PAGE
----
West Virginia Veterans Access Local Fresh Produce With Programs Tied to SNAP EBT Nutrition

News Article -

By Gus Schumacher

With Veterans Day around the corner, two Martinsburg registered dietitians  have found innovative ways to get fresh, local, affordable fresh fruits and vegetables to West Virginian Veterans.

Barbara Hartman, MS, RD, LD,  and her colleague, Annemarie Price  at the Martinsburg VA Medical Center, have tapped federal nutrition programs to provide discounted fresh fruits and vegetables to Veterans, a group in which one in five  suffer from diabetes. In the process, they hope to improve their nutrition and health.

These dietitians reached out to local farmers to get their produce into the cafeteria and onto patient food trays at the Martinsburg VA Medical Center. They also worked with the Veterans Administration  Canteen Service to set up a weekly farmers market at  their  Medical Center.

They then worked with local farmers to offer a 14-week Community Supported Agriculture(CSA) program , in which consumers pay a fee to get regular weekly fresh fruits and vegetables directly from local farmers.

Their  initiatives work because government-sponsored nutrition programs make the produce affordable. For instance, Hartman arranged for Veterans to use their SNAP EBT cards at the Martinsburg VA farmers market, working with funds provided by the U.S. Department of Agriculture's Food Insecurity Nutrition Incentive(FINI)  Program  and matched with Wholesome Wave (www.wholesomewave.org) funds. Their joint programs offered incentives  doubling  Veterans' purchasing power using their SNAP EBT cards at this farmers market.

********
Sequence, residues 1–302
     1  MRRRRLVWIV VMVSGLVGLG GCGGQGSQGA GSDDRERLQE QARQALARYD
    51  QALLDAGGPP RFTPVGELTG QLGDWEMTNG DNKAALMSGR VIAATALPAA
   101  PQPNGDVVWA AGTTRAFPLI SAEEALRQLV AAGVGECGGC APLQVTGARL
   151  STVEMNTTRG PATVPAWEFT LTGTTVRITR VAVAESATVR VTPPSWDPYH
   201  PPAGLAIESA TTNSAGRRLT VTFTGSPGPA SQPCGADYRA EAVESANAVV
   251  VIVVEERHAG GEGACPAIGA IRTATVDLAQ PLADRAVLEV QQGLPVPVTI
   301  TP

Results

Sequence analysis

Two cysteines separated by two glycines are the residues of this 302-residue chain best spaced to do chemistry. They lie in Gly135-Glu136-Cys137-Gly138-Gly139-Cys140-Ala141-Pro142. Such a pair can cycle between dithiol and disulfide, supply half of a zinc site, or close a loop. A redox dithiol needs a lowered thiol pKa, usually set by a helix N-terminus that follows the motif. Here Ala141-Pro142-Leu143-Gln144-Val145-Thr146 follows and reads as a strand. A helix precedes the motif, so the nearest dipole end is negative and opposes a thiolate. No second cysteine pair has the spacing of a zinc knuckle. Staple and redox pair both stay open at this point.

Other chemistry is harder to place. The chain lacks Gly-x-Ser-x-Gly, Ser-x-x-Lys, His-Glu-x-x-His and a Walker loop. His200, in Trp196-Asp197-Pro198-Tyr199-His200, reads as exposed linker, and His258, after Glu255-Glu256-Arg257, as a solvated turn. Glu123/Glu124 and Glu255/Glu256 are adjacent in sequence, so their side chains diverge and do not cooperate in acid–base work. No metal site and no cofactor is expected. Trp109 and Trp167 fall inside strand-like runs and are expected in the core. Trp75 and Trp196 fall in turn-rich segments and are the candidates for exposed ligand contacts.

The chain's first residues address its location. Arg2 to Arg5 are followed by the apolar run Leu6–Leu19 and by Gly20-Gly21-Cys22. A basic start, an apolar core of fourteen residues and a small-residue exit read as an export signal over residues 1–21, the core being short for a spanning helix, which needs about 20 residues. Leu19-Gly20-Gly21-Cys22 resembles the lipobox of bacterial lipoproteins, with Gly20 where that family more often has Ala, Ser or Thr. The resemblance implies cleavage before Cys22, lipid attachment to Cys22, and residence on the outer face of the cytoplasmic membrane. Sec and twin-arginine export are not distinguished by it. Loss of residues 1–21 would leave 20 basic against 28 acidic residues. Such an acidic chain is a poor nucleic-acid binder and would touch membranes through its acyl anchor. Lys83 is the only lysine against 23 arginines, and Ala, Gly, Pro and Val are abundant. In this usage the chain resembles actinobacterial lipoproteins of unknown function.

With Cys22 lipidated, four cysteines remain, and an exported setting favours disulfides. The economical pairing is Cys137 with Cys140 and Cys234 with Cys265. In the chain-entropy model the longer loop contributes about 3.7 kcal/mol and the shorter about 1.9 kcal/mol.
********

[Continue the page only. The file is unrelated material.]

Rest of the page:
At the same time, doctors at the Martinsburg VA worked with 40 Veterans with diabetes  to pilot an FVRx Fruit and Vegetable Prescription program, based in part on an initiative started by Wholesome Wave, a nonprofit based in Bridgeport, CT.

With  funds from a  Veterans Administration's Rural Health grant, doctors prescribed a weekly $35 "fruit and vegetable prescription" to eligible Veterans, who must agree to participate in classes on improving health and nutrition, reducing weight and increasing activity.

Bobbi Corbin, the VA's acting primary-care business manager, said doctors had so far gotten positive responses from the group, with some weight loss and blood-pressure improvements after just 14 weeks.

The Veterans' nutrition programs have also  helped out local farmers too. Derek Kilmer, who farms  in Inwood, WV, now delivers his produce twice a week to the Medical Center's kitchen and sells his produce at the VA farmers market on Wednesdays too.

Kilmer said he is particularly pleased with the Medical Center’s prompt payment. If more funding was available, he said he could deliver as much as 1,000 CSA deliveries a week for Veterans in the region.

``All but one of the Vets came each Wednesday for 14 weeks,'' Kilmer said. ``Many were ‘meat and potatoes  customers ’ and were pleased to be introduced to just-picked, fresh produce, especially strawberries, cherries, peaches and tomatoes.''

With 49 VA Medical facilities hosting on-site farmers markets and hundreds of farmers growing fruits and vegetables nearby, these innovative Veteran Farmers Market Nutrition programs, led by dedicated VA dietitians,  would be a double win--improving the health of our Veterans and the bottom lines of America’s farmers.

“Having good food, having good nutrition, is key to prevention,” said Hartman.

The food at the VA cafeteria tastes better too, said Mackey Bonner, a food service worker, who says patient and staff taste panels have preferred meals featuring locally grown produce.

“Veterans compare us to other VAs they’ve eaten at and they say we have the best food,”   Bonner said.  “Matter of fact, a lot of them wants to transfer their treatment due to the food we serve.

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Farmer Derek Kilmer at Martinsburg, WVA Medical Center Farmers Market Photo: Barbara Hartman